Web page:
Tuesday, October 25, 2016

A beginner's perspective on OpenStack Designate

I'm at the OpenStack Summit this week in Barcelona.  Beautiful place, but a conference center is a conference center.

My first session today was an introduction and discussion of Designate, the OpenStack DNS control module.

I've been working with OpenStack for VM instances and with OpenShift to run container services in the cloud.  One major issues that always gets back burnered in discussions is DNS.  I refer to this as publication, an unusual term but I think the best one to describe a critical aspect of IaaS and PaaS cloud services.

The point of these services is self-serve computing resources, most often services you can offer to others.  If you have no way of telling others where to find your services... they cant.  DNS is the way you tell people where to find your stuff.

Historically the DNS service has been managed by an IT "priesthood" who are rightfully protective.  DNS is the first and most critical service on any modern network.  It's largely invisible and it works so well that most sysadmins don't actually understand how it works.  DNS is one of the last services to fall to the self-service mind-set of cloud computing and that's with good reason.

I was under the misconception that Designate would be solely a dynamic DNS service that would be used to publish new instances or containers within the service.  I also thought perhaps it had its own front end to respond to queries.  It quickly became clear that Designate is not very useful without those external front-line services.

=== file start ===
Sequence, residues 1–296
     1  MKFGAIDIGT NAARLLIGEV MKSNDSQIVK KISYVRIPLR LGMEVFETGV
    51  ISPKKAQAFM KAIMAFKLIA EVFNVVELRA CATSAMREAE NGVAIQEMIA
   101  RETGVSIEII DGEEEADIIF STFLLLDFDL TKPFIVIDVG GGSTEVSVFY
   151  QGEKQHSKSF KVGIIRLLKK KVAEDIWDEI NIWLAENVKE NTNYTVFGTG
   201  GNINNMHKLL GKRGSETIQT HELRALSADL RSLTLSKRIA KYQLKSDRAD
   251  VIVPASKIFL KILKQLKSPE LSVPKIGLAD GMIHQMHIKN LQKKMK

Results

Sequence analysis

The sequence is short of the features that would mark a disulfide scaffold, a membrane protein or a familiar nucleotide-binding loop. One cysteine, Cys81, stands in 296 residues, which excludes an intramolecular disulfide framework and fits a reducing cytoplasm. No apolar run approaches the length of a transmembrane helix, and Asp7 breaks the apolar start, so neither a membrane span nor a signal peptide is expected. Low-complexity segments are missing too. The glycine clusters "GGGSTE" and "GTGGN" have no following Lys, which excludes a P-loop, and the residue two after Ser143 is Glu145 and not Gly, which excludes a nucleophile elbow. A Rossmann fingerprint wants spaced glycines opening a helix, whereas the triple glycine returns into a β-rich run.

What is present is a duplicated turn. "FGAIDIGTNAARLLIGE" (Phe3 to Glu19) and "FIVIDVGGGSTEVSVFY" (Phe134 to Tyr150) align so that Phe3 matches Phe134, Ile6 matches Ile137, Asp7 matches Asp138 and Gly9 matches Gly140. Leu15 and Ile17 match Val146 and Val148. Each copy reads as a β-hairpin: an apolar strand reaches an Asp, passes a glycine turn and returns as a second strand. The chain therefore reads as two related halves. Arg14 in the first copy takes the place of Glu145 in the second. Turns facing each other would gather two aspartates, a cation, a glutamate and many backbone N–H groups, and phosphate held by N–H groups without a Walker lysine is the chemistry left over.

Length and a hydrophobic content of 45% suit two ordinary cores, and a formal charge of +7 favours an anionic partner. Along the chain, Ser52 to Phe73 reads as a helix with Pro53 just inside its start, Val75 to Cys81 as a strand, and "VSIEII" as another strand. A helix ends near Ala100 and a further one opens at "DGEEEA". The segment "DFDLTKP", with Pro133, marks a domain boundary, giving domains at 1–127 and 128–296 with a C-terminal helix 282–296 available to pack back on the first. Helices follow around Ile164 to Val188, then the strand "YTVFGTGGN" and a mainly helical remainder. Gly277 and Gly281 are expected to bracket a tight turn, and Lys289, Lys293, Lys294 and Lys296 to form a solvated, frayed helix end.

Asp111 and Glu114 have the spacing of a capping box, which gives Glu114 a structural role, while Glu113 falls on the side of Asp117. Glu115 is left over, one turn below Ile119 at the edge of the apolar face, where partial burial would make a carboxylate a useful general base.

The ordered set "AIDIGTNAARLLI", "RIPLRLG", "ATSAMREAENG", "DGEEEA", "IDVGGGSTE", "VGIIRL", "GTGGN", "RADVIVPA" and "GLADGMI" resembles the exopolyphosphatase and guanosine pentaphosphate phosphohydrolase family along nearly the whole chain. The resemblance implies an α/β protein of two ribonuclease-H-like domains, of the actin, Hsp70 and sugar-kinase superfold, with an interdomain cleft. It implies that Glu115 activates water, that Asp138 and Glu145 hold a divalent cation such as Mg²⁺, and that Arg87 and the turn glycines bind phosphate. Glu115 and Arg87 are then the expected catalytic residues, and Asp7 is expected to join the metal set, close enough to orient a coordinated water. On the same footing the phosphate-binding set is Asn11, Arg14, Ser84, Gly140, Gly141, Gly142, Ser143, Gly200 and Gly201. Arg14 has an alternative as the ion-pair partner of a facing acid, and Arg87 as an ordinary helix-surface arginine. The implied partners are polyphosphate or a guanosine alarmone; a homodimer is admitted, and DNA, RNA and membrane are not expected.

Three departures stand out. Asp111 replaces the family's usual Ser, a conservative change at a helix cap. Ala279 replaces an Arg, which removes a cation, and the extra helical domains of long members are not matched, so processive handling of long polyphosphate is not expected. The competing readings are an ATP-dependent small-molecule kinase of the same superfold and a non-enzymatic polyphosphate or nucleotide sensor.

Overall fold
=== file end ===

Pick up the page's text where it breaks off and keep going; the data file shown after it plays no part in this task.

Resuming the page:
Listening to the talk it became clear that the Designate developers also see this conservatism as a barrier to adoption.  A significant portion of the talk was dedicated to creating roll-out plans that build confidence slowly, absorbing more and more of the wild barnyard of existing services.

Designate seems to be more of a control plane and database for DNS services than an actual front-line server responding to queries. You continue to run BIND or Active Directory/DNS or Infoblox to respond to queries, but the database is stored in the OpenStack service (with a back end DB?) and the database propagates to the caching or front end DNS services.

This leads to the idea of Designate eventually taking over control of all of the DNS services in an enterprise.  It has the capability to define roles for users, allowing fine grained control of what actions  user can take, while offering for the first time a true kiosk self-service IP naming mechanism.

I know how I plan to use Designate in my OpenShift and OpenStack service deployments.  It appears I may still need to create backing DNS servers, but I'll at least get WebUI and API change management for the masses.  I've used nsupdate to create dynamic DNS zones before, but it always seemed to scare other people off.  With Designate I'm going to be able to deploy both my new services and containers within them and publish them with the short turn-around a cloud service demands.


  1. Great idea, thank you for sharing another strategy!! keep it up
    physical to cloud migration

  2. I am not having that much knowledge about open stack, so please say me about video tutorials and resources. It will be reference for my studies.

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